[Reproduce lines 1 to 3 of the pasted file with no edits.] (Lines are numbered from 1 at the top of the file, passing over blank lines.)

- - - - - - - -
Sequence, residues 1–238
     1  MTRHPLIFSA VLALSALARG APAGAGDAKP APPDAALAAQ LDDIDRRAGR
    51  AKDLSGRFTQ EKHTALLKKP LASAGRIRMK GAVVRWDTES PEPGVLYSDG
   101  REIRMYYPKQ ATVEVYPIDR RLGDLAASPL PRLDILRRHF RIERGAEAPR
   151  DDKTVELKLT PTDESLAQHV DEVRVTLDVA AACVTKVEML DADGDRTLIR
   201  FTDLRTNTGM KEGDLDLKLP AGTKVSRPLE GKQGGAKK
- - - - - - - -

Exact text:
Sequence, residues 1–238
     1  MTRHPLIFSA VLALSALARG APAGAGDAKP APPDAALAAQ LDDIDRRAGR
    51  AKDLSGRFTQ EKHTALLKKP LASAGRIRMK GAVVRWDTES PEPGVLYSDG